Loughborough University
Thesis-2004-Chamberlain.pdf (28.48 MB)

An analysis of interaction in the context of wearable computers.

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posted on 2013-08-12, 15:51 authored by Alan Chamberlain
The focus of this thesis is on the evaluation of input modalities for generic input tasks, such inputting text and pointer based interaction. In particular, input systems that can be used within a wearable computing system are examined in terms of human-wearable computer interaction. The literature identified a lack of empirical research into the use of input devices for text input and pointing, when used as part of a wearable computing system. The research carried out within this thesis took an approach that acknowledged the movement condition of the user of a wearable system, and evaluated the wearable input devices while the participants were mobile and stationary. Each experiment was based on the user's time on task, their accuracy, and a NASA TLX assessment which provided the participant's subjective workload. The input devices assessed were 'off the shelf' systems. These were chosen as they are readily available to a wider range of users than bespoke inpu~ systems. Text based input was examined first. The text input systems evaluated were::a keyboard,; an on-screen keyboard, a handwriting recognition system, a voice 'recognition system and a wrist- keyboard (sometimes known as a wrist-worn keyboard). It was found that the most appropriate text input system to use overall, was the handwriting recognition system, (This is forther explored in the discussion of Chapters three and seven.) The text input evaluations were followed by a series of four experiments that examined pointing devices, and assessed their appropriateness as part of a wearable computing system. The devices were; an off-table mouse, a speech recognition system, a stylus and a track-pad. These were assessed in relation to the following generic pointing tasks: target acquisition, dragging and dropping, and trajectory-based interaction. Overall the stylus was found to be the most appropriate input device for use with a wearable system, when used as a pointing device. (This isforther covered in Chapters four to six.) By completing this series of experiments, evidence has been scientifically established that can support both a wearable computer designer and a wearable user's choice of input device. These choices can be made in regard to generic interface task activities such as: inputting text, target acquisition, dragging and dropping and trajectory-based interaction.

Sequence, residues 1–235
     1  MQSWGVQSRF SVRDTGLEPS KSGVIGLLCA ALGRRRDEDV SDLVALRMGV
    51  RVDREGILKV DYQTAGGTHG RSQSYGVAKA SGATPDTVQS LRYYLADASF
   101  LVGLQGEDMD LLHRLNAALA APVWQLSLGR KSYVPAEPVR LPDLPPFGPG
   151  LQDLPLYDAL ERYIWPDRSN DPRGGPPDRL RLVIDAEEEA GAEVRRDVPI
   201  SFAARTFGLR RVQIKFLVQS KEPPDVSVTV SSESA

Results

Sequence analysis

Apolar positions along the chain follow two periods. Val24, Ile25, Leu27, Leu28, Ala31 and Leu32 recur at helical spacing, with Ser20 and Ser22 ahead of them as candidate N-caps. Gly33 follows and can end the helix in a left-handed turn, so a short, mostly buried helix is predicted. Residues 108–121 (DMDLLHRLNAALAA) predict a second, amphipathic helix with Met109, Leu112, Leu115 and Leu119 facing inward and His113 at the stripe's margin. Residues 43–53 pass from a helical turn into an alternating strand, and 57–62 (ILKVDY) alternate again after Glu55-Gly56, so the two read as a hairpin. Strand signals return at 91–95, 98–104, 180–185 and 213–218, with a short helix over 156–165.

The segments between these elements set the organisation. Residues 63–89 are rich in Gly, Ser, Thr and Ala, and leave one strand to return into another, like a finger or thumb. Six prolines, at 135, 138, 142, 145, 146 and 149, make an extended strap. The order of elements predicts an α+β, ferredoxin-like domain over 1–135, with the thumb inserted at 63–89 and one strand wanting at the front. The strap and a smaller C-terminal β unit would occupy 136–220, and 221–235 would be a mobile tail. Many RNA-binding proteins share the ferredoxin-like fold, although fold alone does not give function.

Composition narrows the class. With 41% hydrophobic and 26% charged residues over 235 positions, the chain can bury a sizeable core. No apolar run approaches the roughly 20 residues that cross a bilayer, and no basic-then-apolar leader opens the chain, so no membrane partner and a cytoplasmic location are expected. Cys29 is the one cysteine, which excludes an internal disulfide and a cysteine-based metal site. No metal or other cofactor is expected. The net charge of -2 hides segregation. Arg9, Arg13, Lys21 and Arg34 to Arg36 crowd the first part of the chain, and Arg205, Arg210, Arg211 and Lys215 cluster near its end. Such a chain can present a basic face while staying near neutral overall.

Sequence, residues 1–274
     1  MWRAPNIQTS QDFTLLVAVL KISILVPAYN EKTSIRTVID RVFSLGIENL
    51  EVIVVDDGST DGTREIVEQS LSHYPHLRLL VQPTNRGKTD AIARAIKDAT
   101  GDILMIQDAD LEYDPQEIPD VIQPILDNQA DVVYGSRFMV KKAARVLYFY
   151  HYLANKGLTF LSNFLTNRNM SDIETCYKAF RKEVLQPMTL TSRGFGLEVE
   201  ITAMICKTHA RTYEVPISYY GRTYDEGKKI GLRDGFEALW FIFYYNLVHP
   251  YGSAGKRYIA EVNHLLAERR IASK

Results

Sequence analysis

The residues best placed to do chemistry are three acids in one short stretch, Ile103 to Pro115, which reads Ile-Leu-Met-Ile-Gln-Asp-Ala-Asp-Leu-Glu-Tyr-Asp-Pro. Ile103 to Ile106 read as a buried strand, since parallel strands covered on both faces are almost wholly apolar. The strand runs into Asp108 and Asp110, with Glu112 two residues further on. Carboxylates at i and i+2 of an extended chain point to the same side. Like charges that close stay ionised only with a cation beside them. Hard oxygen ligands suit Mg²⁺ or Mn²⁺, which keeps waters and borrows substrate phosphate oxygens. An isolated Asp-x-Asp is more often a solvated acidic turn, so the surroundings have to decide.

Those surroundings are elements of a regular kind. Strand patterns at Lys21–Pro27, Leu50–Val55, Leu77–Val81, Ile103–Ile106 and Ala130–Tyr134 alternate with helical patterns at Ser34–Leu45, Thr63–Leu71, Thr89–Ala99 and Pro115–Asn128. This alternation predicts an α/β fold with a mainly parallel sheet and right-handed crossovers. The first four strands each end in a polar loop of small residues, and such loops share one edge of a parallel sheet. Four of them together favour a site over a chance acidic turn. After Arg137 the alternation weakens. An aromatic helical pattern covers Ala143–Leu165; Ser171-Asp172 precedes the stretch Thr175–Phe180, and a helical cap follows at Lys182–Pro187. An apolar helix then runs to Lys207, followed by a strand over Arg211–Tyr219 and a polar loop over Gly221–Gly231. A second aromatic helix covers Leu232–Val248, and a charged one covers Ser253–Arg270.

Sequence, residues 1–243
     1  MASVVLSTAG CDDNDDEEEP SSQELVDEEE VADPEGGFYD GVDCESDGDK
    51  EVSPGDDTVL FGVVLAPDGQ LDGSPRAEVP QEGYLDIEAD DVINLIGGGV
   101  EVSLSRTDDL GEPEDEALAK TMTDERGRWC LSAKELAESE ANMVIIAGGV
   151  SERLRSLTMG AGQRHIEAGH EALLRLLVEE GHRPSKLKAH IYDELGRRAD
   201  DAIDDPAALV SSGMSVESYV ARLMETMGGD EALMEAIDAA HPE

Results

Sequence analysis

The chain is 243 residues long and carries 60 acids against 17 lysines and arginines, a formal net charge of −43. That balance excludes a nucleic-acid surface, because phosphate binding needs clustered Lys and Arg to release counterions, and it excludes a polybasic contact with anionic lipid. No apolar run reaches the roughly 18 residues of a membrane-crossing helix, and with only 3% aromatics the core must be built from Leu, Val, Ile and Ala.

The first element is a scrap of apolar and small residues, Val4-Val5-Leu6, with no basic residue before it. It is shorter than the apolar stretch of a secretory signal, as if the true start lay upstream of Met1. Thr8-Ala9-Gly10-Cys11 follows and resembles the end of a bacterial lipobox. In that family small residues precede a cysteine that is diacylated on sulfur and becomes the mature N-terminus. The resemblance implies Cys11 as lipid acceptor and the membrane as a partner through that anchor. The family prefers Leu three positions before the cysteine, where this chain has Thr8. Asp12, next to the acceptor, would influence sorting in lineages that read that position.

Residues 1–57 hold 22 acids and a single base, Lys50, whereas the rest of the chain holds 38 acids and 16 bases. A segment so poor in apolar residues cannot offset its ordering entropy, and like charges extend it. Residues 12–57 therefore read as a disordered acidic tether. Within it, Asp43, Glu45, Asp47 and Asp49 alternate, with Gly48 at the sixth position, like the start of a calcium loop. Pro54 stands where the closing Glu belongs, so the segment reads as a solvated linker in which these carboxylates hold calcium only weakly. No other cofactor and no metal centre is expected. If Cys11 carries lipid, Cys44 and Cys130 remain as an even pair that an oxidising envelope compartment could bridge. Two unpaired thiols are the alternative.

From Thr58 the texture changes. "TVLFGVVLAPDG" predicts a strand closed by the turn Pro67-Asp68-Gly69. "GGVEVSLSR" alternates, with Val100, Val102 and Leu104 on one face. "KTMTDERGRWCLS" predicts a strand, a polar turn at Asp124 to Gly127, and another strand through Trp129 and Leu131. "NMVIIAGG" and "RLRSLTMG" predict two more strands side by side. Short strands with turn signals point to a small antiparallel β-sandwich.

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© Alan Chamberlain

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A Doctoral Thesis. Submitted in partial fulfilment of the requirements for the award of Doctor of Philosophy of Loughborough University

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